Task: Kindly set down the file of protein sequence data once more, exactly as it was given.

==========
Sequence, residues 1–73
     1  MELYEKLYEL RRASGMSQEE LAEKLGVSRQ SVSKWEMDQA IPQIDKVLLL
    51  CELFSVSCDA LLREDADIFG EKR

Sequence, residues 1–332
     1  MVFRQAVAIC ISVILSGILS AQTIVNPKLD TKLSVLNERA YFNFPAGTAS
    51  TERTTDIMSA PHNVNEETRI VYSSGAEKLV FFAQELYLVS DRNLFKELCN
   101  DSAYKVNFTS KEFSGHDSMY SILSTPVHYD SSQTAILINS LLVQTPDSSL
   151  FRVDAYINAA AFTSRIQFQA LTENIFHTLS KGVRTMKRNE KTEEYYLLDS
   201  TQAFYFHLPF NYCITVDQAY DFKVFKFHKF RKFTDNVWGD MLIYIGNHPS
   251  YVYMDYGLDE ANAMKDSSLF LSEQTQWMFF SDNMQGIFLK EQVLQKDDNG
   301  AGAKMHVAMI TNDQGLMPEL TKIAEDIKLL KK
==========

Sequence, residues 1–73
     1  MELYEKLYEL RRASGMSQEE LAEKLGVSRQ SVSKWEMDQA IPQIDKVLLL
    51  CELFSVSCDA LLREDADIFG EKR

Sequence, residues 1–332
     1  MVFRQAVAIC ISVILSGILS AQTIVNPKLD TKLSVLNERA YFNFPAGTAS
    51  TERTTDIMSA PHNVNEETRI VYSSGAEKLV FFAQELYLVS DRNLFKELCN
   101  DSAYKVNFTS KEFSGHDSMY SILSTPVHYD SSQTAILINS LLVQTPDSSL
   151  FRVDAYINAA AFTSRIQFQA LTENIFHTLS KGVRTMKRNE KTEEYYLLDS
   201  TQAFYFHLPF NYCITVDQAY DFKVFKFHKF RKFTDNVWGD MLIYIGNHPS
   251  YVYMDYGLDE ANAMKDSSLF LSEQTQWMFF SDNMQGIFLK EQVLQKDDNG
   301  AGAKMHVAMI TNDQGLMPEL TKIAEDIKLL KK